After eight months of delays, the Cybersecurity Information Sharing Act (CISA) finally reached the Senate floor this week.
Advocates for the bill, including Senate Intelligence Committee Chairman and bill co-sponsor Sen. Richard Burr (R-NC), stressed the need for the free flow of cyber threat information at a time when staggering numbers of data breaches are hitting various industries.
Opponents of the bill, including Sen. Ron Wyden (D-Ore.), civil liberties groups and tech companies refute the bill, arguing that it will unjustly grant government agencies unlimited access to citizens’ personal information.
CISA supporters believe the legislation can be passed in the coming days, especially with Burr’s inclusion of eight amendments he and co-sponsor Sen. Dianne Feinstein put forward. Some of these modifications include limits on the kinds of information available for sharing, mandatory government reports on cyber threats and a notification system to inform individuals if their information has been inadequately shared.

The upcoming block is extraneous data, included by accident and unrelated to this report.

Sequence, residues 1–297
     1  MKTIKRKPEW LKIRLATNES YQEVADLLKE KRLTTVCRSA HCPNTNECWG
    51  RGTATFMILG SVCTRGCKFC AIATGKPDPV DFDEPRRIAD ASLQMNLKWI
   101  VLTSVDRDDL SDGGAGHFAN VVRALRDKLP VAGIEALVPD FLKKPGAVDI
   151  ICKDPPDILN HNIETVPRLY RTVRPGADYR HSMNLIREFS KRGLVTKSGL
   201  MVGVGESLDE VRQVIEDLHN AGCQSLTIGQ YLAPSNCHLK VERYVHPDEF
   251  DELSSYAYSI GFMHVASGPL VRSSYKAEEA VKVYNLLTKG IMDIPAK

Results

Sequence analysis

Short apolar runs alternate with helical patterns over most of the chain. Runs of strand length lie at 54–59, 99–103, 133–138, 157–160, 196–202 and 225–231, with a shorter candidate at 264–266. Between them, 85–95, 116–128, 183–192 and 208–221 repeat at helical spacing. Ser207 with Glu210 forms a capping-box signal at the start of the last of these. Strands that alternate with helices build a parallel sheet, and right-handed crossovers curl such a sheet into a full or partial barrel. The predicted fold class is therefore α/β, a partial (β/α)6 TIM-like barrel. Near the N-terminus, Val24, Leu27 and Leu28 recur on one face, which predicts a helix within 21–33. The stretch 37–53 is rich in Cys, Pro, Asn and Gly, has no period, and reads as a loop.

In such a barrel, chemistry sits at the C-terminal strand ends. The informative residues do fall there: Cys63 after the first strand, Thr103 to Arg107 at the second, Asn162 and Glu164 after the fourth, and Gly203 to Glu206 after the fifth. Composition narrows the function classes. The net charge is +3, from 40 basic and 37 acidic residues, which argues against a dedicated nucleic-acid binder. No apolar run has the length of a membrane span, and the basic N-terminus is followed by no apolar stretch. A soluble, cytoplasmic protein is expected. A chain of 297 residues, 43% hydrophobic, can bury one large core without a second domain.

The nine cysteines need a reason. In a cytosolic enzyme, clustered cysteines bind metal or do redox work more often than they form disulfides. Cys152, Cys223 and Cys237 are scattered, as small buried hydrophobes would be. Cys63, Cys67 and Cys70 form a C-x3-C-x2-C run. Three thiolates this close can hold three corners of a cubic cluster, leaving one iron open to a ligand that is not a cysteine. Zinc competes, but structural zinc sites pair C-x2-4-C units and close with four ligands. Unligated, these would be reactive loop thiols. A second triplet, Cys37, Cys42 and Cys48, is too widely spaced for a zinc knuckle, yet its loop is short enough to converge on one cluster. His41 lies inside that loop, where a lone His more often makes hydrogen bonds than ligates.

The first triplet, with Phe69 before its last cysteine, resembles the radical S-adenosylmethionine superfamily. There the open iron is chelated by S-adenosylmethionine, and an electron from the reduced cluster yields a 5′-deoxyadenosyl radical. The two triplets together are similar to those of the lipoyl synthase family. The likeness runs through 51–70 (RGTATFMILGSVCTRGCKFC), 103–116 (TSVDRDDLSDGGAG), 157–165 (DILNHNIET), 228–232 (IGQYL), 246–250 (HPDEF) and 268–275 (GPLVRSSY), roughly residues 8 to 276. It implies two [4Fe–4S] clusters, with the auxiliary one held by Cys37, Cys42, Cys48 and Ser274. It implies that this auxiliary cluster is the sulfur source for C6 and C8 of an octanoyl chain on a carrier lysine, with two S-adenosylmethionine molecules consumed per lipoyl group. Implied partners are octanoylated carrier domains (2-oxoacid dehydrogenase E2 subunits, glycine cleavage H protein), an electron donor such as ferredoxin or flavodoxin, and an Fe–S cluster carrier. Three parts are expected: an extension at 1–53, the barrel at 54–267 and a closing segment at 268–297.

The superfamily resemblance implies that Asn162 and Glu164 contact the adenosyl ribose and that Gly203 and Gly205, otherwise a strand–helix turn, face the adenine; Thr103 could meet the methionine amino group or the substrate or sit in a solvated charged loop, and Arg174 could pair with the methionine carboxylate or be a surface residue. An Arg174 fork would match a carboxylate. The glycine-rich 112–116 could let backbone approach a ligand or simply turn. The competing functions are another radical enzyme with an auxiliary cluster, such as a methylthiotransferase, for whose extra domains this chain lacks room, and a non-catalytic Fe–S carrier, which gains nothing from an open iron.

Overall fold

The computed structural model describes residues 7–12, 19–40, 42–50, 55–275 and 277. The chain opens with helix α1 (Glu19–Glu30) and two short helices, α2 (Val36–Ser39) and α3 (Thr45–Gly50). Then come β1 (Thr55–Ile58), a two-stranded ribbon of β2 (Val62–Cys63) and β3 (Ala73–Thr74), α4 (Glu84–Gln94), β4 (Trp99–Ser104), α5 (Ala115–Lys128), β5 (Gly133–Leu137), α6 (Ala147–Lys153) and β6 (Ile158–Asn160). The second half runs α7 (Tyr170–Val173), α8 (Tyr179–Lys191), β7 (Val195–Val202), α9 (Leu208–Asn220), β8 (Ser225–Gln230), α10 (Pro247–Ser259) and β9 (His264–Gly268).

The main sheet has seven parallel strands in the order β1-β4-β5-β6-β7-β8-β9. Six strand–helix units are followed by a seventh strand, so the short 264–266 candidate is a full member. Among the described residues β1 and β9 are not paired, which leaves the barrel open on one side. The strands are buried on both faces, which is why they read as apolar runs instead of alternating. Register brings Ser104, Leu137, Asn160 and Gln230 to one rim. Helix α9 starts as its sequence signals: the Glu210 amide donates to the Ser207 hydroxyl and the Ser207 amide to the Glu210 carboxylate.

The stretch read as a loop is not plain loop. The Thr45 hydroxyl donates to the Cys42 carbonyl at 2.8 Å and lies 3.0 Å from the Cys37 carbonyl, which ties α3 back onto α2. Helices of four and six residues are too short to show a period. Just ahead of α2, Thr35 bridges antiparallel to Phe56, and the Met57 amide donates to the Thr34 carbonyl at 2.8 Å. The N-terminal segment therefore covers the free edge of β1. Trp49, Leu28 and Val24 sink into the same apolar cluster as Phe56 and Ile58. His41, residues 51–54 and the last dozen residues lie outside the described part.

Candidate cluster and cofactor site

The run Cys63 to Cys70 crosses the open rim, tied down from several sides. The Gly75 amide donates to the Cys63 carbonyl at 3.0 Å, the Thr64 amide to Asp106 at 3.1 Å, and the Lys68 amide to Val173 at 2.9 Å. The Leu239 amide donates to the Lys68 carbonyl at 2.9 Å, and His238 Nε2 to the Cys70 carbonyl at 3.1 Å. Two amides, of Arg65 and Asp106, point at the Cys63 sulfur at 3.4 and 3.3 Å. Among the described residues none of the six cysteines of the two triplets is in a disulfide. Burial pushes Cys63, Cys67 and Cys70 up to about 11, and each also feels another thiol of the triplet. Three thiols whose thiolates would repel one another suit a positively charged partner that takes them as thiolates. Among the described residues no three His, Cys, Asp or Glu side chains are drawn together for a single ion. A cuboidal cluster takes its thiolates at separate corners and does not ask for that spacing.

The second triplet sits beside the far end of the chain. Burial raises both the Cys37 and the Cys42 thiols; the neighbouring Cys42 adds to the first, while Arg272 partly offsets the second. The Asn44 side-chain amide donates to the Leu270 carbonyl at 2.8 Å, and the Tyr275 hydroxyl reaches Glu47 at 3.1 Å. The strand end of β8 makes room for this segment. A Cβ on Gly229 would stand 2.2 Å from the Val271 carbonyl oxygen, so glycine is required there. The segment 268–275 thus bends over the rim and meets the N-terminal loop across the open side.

Still, adversaries of the bill are pushing for more stringent amendments that would deny government sharing of any personal information in addition to the implementation of systems that review all data sent to the government.